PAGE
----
Besides retaining temperature well, it holds 16 ounces. A trim build means it easily fits in cup holders. Only drawback: Not dishwasher safe, but the top disassembles, making cleanup a breeze.
Excellent temperature retention
Easy to carry
Not dishwasher safe
Contigo Handled Autoseal Travel Mug with Easy-Clean Lid
With nearly leak-proof technology, the Contigo Autoseal Travel Mug now includes a smartly designed handle which sits at the top of the mug and doesn’t interfere with placement in car beverage holders, or bag pockets.
The original Contigo Autoseal won us over on an 8-hour car trip by keeping coffee piping hot from start to finish thanks to the double-wall vacuum insulation, and its nearly spill-proof Autoseal technology.
Whether your poison of choice is coffee or tea, green juice or kombucha, most of us rely on some kind of rejuvenating beverage to get us through the day. And those days are often punctuated by meetings and errands, not to mention stressful commutes, which means those life-giving elixirs need to accompany us wherever we go. One major bonus of a travel mug is if it can fit your hot tea or coffee neatly in a car cup holder.
That’s where travel mugs come in. Portable and generally easy to clean, they’re the perfect vessel to retain heat and insulation for your daily brew. And unlike our favorite water bottles, these mugs are built to insulate your drinks to keep them piping hot (although they can keep drinks cool for a limited amount of time, too).
After testing a variety of mugs to make sure they have good heat retention and to ensure that they were spill-proof, our top pick is the Zojirushi Stainless Steel Mug(available at Amazon for $26.99). It's leak proof, comfortable to hold, and it retains a consistent temperature.
In addition to the all-purpose travel mugs, you’ll find in this guide, we also tested a few specialty options. For hardcore campers, there’s the remarkably lightweight GSI Outdoors Infinity(available on Amazon) features a built-in French press. Not sure where to start? Don’t worry. This list has something for everyone.
These are the best travel mugs we tested ranked, in order:
Zojirushi Stainless Steel Mug
Contigo Handled Autoseal
Thermos Stainless King Travel Mug
Thermos Guardian Collection Travel Tumbler
Contigo Autoseal West Loop
Mighty Mug Go
Copco Acadia Travel Mug
Yeti 14oz Rambler
We also reviewed these specialty mugs:
GSI Outdoors Infinity Backpacker Mug
MoKo Collapsible Travel Mug
When it comes to retaining temperature (which is the most essential function of a travel mug), the Zojirushi is an absolute beast. During our official tests, it actually rose in temperature by 6 degrees in the course of half an hour. And at one point, my husband filled it with coffee, he actually forgot about it until the next morning, took a sip, and it was just as steamy/fresh as if it had just been poured. It performed just as admirably with cold beverages, warming a mere fraction of a degree within 30 minutes. Besides retaining temperature, it can hold up to 16 ounces. The trim build also allows it to seamlessly slip into cup holders and bags.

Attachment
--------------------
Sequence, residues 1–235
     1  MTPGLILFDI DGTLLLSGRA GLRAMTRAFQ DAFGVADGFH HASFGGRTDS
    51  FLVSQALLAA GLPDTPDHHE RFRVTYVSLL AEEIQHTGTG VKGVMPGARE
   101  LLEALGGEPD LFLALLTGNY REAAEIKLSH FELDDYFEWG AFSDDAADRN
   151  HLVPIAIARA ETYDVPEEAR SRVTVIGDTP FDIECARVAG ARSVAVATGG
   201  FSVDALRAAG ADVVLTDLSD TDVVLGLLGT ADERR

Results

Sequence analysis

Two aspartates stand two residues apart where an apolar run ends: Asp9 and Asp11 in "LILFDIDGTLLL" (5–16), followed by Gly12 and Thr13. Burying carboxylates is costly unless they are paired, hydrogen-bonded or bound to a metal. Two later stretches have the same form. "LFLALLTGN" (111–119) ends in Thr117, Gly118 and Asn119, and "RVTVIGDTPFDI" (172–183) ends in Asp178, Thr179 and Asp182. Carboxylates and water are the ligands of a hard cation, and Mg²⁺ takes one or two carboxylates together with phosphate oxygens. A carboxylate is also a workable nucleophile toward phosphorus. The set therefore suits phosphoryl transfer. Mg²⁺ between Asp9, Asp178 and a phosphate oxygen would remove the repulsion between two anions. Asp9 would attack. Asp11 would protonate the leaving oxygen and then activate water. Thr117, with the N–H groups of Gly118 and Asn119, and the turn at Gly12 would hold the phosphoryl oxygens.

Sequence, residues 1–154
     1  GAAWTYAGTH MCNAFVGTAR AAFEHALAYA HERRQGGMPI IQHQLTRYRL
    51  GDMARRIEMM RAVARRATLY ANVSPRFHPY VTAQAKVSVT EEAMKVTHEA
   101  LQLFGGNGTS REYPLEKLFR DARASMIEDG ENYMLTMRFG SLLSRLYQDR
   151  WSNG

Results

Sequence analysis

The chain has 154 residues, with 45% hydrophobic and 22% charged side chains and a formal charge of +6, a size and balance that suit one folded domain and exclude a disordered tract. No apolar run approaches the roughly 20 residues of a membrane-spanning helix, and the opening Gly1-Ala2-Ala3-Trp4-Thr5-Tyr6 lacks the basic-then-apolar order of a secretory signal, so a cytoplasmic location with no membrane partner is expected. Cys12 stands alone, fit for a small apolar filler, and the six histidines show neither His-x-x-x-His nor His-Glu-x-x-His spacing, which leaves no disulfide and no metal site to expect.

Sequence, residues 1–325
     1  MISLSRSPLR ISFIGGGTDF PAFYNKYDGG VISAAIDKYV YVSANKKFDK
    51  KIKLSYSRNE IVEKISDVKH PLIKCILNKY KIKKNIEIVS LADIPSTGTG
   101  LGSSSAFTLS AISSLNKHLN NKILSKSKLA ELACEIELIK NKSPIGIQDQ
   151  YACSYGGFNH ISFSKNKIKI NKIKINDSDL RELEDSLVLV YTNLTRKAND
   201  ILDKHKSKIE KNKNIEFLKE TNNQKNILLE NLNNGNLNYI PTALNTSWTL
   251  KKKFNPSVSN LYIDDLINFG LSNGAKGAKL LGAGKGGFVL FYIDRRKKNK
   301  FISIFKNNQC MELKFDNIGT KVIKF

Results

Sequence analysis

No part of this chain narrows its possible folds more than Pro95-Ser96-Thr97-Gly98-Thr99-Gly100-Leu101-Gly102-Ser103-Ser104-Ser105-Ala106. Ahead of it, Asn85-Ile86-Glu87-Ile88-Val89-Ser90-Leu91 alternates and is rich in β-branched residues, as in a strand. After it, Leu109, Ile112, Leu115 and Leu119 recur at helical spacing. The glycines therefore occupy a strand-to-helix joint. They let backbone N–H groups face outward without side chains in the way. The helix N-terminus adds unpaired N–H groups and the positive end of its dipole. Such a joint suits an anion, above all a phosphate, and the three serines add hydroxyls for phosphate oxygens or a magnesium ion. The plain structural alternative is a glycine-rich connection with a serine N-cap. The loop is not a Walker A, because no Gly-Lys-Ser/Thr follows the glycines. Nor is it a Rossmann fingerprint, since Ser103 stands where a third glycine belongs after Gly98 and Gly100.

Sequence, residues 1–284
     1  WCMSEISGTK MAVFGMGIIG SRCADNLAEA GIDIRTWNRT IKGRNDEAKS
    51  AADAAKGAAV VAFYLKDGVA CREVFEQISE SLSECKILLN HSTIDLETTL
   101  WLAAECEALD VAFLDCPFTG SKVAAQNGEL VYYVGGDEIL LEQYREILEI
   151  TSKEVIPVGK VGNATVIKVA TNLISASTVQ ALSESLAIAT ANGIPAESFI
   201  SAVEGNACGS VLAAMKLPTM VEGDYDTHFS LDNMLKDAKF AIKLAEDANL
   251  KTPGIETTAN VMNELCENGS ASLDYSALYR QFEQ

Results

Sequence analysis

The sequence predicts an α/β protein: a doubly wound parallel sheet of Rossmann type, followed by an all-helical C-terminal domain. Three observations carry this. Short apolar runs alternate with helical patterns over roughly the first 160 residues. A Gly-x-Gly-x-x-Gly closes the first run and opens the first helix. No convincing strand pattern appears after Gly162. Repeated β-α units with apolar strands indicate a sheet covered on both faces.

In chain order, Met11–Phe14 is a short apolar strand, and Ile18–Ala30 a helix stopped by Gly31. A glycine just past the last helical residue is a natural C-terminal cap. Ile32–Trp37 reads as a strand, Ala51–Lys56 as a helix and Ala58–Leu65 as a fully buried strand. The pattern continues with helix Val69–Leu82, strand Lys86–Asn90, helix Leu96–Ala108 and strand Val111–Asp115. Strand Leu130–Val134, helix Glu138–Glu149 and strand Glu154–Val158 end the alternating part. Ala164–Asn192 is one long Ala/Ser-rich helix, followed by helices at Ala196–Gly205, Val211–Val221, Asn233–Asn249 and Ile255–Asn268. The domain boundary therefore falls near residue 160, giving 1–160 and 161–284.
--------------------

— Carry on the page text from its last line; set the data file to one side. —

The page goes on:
The only drawback is that it can’t go in the dishwasher. Although it’s not dishwasher safe, the top can be disassembled, which makes cleanup a breeze. And it’s especially attractive thanks to a slim, streamlined shape and slick, steel finish, in colors such as champagne gold, lavender-pink, emerald, cherry, and smoky blue.
I’m Sarah Zorn, and I’ve been a food writer and editor for almost 10 years. Like most busy professionals, I almost exclusively function on coffee and often mainline it when scuttling back and forth on the subway, between meetings and appointments, or most consequently, hunched over my computer. As such, having a mug that keeps my coffee hot (or cold) while tapping at keys for extended periods of time is of utmost importance to me, as is the assurance my drink won’t spill over and fry my motherboard.
We alternately filled each mug with hot and cold beverages, measuring the temperature to start, and then checking it again every 30 minutes or so for the course of two hours. We also took each mug for a test run throughout an entire day, analyzing how comfortable they were to hold, how easy they were to drink out of, how snugly they fit into a backpack or car holder, how portable they were, how likely they were to spill when jostled or turned upside down, and how easy they were to clean—either in the dishwasher when possible, or using a bottle brush.